Sabie Park, South Africa

Photograph the Big 5 at the Sabi Sabi Game Reserve

Originally added by Lucas Pols

Sabi Sabi offers life changing experiences, giving you the unique opportunity to view animals in their intimate habitats. Get your camera ready for memorable photos of The Big 5: African Elephant, African Lion, Rhinoceros, Cape Buffalo, and African Leopard.

A South African Safari in the game reserve of Sabi Sabi, or most of the reserves in South Africa, is an incredible experience, which gives you the unique opportunity to see these stunning animals calm and relaxed in their natural environment.

To get to the reserves, adjacent to Kruger National Park, I would suggest flying from Cape Town or Jo'berg as the drive from either is extremely long and the more you can limit your driving in Africa the better.

When you get to the reserve a game ranger will come and get you and take you to the lodge that you are staying at. On all of the reserves you will have the opportunity to do safari’s twice a day and they will last about 3-4 hours.

During the summer if you are going to do both Safari’s every morning and night you will not be sleeping much. The animals are only active in the early morning, dusk, and nighttime which means that you’ll be up at five at going to bed at around ten or ten thirty.

On Safari in Sabi Sabi you will see an array of animals-- most notably the Big 5: Elephants, Rhinos, Lions, Leopards, and Buffalo. You will also have the opportunity to see zebras, impalas, hippos, various birds, hyenas and more elusive creatures such as the African Wildcat.

Travel Tips:
  • I wouldn't encourage doing more then five or six days of straight Safari. You can absolutely do two full weeks while in Africa, but have a break in between. It can be draining on your body to photograph for 8-10 hours a day in the African heat. That combined with sleeping extremely little can be challenging if you are going to do two straight weeks. 
  • Wear a hat and sunscreen. I was out for twelve days on Safari and on day ten myself and my guide had the fun burden of getting heat stroke.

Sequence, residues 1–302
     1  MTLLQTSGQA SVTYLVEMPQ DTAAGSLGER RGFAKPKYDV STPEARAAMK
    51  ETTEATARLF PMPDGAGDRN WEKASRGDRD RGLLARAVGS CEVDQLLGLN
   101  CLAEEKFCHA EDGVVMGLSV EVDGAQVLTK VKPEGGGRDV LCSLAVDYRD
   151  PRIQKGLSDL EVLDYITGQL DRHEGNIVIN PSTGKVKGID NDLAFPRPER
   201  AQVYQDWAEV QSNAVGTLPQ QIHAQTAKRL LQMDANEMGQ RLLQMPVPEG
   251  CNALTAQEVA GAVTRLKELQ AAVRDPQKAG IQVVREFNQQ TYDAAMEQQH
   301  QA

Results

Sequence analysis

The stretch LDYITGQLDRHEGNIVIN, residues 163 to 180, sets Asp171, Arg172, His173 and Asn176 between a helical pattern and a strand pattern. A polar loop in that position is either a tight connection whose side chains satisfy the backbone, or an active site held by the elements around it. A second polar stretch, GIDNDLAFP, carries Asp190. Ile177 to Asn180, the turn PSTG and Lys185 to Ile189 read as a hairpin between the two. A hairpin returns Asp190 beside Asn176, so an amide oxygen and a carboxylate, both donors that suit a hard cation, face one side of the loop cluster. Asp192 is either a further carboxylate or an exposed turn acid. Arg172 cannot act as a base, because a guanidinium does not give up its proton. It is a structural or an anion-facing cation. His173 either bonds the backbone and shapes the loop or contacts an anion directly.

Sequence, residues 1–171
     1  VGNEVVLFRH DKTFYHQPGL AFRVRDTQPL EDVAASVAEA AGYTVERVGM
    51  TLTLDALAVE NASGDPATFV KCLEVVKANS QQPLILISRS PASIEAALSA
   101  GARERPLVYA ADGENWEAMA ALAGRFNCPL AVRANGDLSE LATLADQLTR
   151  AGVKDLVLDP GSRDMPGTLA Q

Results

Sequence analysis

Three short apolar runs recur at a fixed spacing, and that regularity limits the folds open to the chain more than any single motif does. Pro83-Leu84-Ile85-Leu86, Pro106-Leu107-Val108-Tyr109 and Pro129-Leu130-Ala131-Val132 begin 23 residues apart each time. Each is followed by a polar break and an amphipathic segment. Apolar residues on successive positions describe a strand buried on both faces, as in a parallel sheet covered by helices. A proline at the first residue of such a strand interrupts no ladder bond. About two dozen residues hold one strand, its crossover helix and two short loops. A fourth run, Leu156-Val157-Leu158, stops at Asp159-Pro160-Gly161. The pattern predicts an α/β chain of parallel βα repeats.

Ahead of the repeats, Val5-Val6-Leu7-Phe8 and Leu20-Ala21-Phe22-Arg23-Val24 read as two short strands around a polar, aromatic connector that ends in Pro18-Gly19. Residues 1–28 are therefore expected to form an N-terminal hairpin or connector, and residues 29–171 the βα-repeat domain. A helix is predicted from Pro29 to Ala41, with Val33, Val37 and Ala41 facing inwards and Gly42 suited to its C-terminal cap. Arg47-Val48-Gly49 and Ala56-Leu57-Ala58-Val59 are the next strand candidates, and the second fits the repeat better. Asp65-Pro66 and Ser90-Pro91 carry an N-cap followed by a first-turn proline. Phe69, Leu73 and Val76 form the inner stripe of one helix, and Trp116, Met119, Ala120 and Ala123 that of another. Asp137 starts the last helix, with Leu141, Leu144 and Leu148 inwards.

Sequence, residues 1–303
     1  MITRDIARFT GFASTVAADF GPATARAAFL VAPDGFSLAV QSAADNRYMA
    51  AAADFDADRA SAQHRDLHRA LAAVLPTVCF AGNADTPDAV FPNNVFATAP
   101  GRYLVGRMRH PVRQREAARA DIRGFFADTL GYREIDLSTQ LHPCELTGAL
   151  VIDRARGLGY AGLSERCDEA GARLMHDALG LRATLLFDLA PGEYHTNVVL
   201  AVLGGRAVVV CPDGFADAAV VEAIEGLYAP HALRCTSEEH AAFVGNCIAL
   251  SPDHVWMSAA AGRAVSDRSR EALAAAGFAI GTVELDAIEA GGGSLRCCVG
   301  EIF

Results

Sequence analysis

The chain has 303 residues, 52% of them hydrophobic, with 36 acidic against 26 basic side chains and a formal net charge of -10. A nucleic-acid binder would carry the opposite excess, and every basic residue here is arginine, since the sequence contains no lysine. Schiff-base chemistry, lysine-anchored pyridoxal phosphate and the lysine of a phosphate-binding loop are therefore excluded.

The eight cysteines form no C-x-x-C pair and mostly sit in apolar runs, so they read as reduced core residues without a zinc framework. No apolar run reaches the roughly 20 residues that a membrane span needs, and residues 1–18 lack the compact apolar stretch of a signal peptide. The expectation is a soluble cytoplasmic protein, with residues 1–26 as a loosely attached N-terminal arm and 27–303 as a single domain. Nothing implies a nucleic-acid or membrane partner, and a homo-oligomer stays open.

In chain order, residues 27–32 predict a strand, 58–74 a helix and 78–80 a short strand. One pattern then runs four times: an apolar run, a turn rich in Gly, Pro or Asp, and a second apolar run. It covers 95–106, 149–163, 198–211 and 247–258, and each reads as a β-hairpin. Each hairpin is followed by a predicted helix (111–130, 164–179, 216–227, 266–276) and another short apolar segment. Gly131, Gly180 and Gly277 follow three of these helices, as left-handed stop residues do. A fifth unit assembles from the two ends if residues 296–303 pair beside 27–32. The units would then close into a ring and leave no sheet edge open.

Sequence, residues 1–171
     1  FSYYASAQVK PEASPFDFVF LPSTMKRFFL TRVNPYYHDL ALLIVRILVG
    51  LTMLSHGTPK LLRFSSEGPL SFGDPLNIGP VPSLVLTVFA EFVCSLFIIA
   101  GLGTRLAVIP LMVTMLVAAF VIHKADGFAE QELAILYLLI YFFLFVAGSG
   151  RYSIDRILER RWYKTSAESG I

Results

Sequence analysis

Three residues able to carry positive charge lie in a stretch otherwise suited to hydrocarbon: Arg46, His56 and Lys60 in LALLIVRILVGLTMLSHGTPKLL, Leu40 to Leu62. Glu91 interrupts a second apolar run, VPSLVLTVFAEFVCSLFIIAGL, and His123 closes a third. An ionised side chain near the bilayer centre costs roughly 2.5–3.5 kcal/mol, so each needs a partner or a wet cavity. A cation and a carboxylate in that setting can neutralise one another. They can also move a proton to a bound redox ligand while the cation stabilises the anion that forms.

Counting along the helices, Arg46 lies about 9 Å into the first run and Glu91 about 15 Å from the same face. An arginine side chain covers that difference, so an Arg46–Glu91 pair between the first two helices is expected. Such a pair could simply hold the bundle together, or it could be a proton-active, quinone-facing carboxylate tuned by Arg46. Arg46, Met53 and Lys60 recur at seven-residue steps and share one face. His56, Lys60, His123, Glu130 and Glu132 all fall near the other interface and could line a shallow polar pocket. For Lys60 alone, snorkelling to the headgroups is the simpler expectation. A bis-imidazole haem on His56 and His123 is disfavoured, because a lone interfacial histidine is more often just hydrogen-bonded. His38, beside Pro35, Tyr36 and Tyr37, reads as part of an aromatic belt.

• Bring lens cleaning supplies with you when you're out on safari. If it hasn't rained in a few days there is a going to be a lot of dust around and you do not want to lose your perfect shot due to a dirty lens.
  • Make sure you bring a lens that can reach at least 300mm but I would recommend nothing less then 400mm!
Advanced Tips:
  • The largest challenge that you are going to have photographing these animals, besides finding them, is going to be with light. You will be following these animals in a Jeep which means that you will constantly be moving and during low light situations you'll end up playing the fun game of stop and go!
  • Tripods are challenging to use in cars and at high focal lengths any movement can blur your image. The work around can be to use sandbags or even blankets and jackets to rest the lens on the car to steady your shot.
  • It would be a lot easier if you had a 400mm ƒ2.8 lens but for traveling it is not a practical nor cost effective lens. What I did was grab a 2x teleconverter for my 70-200mm ƒ2.8 lens which unfortunately doubles my aperture but turns it into a ƒ5.6 140-400 which gave me the perfect range I needed while not sacrificing my ability to travel light.
  • The largest factor? Patience. A lot of photographers will follow the same animal for a week at a time to get to know the habits of that animals to be able to take the best possible shots. Even if you are just visiting the animal for the night stay with them for as long as possible.
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Tags

Chillin
Photography
Family Friendly
Groups
Scenic
Wildlife

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We want to acknowledge and thank the past, present, and future generations of all Native Nations and Indigenous Peoples whose ancestral lands we travel, explore, and play on.

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